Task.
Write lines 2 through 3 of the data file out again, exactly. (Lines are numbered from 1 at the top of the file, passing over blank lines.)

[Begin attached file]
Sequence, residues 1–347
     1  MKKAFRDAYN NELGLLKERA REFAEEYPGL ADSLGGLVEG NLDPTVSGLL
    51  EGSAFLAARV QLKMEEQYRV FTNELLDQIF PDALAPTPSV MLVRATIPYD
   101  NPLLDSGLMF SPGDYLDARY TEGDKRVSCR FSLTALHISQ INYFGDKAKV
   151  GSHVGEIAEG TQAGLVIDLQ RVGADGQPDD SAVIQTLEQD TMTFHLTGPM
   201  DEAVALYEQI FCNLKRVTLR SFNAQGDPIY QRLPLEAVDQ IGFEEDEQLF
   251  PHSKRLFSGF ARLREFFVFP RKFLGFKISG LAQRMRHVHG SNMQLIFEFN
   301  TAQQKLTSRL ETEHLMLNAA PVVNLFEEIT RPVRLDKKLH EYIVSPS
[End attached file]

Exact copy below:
     1  MKKAFRDAYN NELGLLKERA REFAEEYPGL ADSLGGLVEG NLDPTVSGLL
    51  EGSAFLAARV QLKMEEQYRV FTNELLDQIF PDALAPTPSV MLVRATIPYD